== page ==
Risky Missouri Teachers Pension Plan Proves Investment Return Assumptions Matter

Published November 30, 2015

In Missouri, as in most states, teachers and other public employees belong to state-supported defined-benefit pension systems, which means when they retire these workers are guaranteed a specific amount of money annually for the rest of their lives.

Actuaries charged with overseeing these plans have to make assumptions, such as how long people will live and collect benefits and how successful pension investments will be. In practice, these assumptions tell plan managers how much money needs to be contributed today to meet the obligations of tomorrow. If the assumptions are wrong, benefits could be cut for pensioners or taxpayers could be held liable for the shortfall, which can be substantial.

Missouri’s Investment Assumptions

In Missouri, the state’s largest public employee pension system is the Public School Retirement System (PSRS), which manages roughly $38 billion in assets. One major assumption plan managers make is the fund will achieve an 8 percent annual rate of return on investments. If this is correct, the system is roughly 86 percent funded and has nearly $5 billion in unfunded liabilities, which is money Missouri taxpayers will owe beneficiaries if the shortfall isn’t covered in the future.

There are reasons to believe the fund won’t achieve an 8 percent rate of return: Markets rise and fall. A 2013 paper by Andrew Biggs, a former director of research on Social Security in the George W. Bush administration, found if the plan achieves a more realistic 4 percent rate of return, it will have less than half of the needed funds to cover liabilities. Unfunded liabilities would soar to more than $31 billion. In short, pension plan assumptions matter.

As a result, there is growing support for plan actuaries to produce financial reports forecasting fund balances with multiple assumed rates of return. Have we contributed enough if we achieve a 4 percent rate of return? How about 6 percent? Eight percent? This is exactly the point Michael Rathbone and I made in our recent paper, “Betting on the Big Returns: How Missouri Teacher Pension Plans Have Shifted to Riskier Assets.”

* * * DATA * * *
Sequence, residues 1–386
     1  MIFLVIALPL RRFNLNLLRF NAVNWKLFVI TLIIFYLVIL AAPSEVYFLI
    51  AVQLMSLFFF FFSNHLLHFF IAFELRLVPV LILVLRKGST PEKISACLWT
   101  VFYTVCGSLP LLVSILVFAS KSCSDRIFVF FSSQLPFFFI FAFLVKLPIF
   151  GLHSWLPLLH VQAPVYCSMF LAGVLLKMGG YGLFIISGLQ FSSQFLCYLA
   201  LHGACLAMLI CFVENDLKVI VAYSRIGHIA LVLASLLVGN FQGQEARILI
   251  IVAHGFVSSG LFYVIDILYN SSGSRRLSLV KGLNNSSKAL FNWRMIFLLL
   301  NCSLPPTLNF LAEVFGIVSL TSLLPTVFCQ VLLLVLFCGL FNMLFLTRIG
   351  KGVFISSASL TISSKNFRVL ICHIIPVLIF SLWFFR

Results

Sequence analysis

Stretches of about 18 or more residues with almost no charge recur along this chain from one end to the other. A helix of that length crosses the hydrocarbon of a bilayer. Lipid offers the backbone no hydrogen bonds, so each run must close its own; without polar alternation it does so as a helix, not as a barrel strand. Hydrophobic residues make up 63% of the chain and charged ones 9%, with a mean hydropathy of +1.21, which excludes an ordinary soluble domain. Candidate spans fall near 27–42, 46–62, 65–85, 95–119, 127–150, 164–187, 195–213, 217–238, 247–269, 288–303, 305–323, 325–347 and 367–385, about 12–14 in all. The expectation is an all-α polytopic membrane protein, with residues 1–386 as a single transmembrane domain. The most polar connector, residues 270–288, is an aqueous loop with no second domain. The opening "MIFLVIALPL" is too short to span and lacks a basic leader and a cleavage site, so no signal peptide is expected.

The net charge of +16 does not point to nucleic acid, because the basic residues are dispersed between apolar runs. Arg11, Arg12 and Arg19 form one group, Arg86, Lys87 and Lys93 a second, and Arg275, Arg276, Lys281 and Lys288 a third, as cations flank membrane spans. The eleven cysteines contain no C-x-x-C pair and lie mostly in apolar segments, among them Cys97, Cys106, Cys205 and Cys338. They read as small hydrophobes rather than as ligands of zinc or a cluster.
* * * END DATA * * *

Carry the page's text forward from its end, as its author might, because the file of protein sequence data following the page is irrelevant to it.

Investing in Riskier Assets

Our paper also highlights the fact Missouri’s teacher pension plans, similar to other defined-benefit programs, are increasingly investing in riskier assets in the pursuit of the 8 percent return they’ve promised.

For example, in 1992, PSRS held more than 80 percent of its investments in fixed income and cash, relatively low-risk investments. As of 2014, the plan held less than 25 percent in those safer options.

What does this mean for plan assumptions? PSRS and other pension plans are attempting to meet their high assumed rates of return by pursuing a higher-risk, higher-return investment strategy. It might work, but it might not. At minimum, Missouri taxpayers and public employees should know about the assumptions plan managers are making and what the health of the fund looks like under different assumptions.

Critics Dismissed

Fund managers scoff at this idea. In an August 7 three-page response to our paper, Steve Yoakum, executive director of PSRS, attempted to discredit our work. What he really did was confirm everything we wrote. Yoakum acknowledges the plan has shifted to riskier assets and attempts to explain why. He also defends the 8 percent expected rate of return by reasoning the plan has historically surpassed the 8 percent benchmark. In doing so, however, he ignores what every financial planner has ever told me: “Past performance is not necessarily indicative of future results.”

For whatever reason, public employee fund managers are hesitant to increase transparency and check their assumptions.

This is where state governments can and should step in. They can require fund managers and plan actuaries to report fund balances under various expected rates of return. This would give pension boards greater information to determine the appropriate contribution levels. It would also help ensure pensioners received their promised benefits.

Indeed, it is the pensioners themselves who may suffer the most if states do not accurately plan for the future.

James V. Shuls, Ph.D., is an assistant professor of educational leadership and policy studies at the University of Missouri–St. Louis and a distinguished fellow of education policy at the Show-Me Institute.

Image by Simon Cunningham.

Internet Info

Steve Yoakum, “PRSR Response to Show-Me Paper on Teacher Pension Plans,” August 7, 2015: https://www.heartland.org/policy-documents/psrs-response-show-me-institute-paper-teacher-pension-plans

Michael Rathbone and James V. Shuls, “Betting on the Big Returns: How Missouri Teacher Pension Plans Have Shifted to Riskier Assets,” Show-Me Institute, July 2015:  https://www.heartland.org/policy-documents/betting-big-returns-how-missouri-teacher-pension-plans-have-shifted-riskier-assets

Andrew G. Biggs, “Public Employee Pensions in Missouri: A Looming Crisis,” Show-Me Institute, March 2013: https://www.heartland.org/policy-documents/public-employee-pensions-missouri-looming-crisis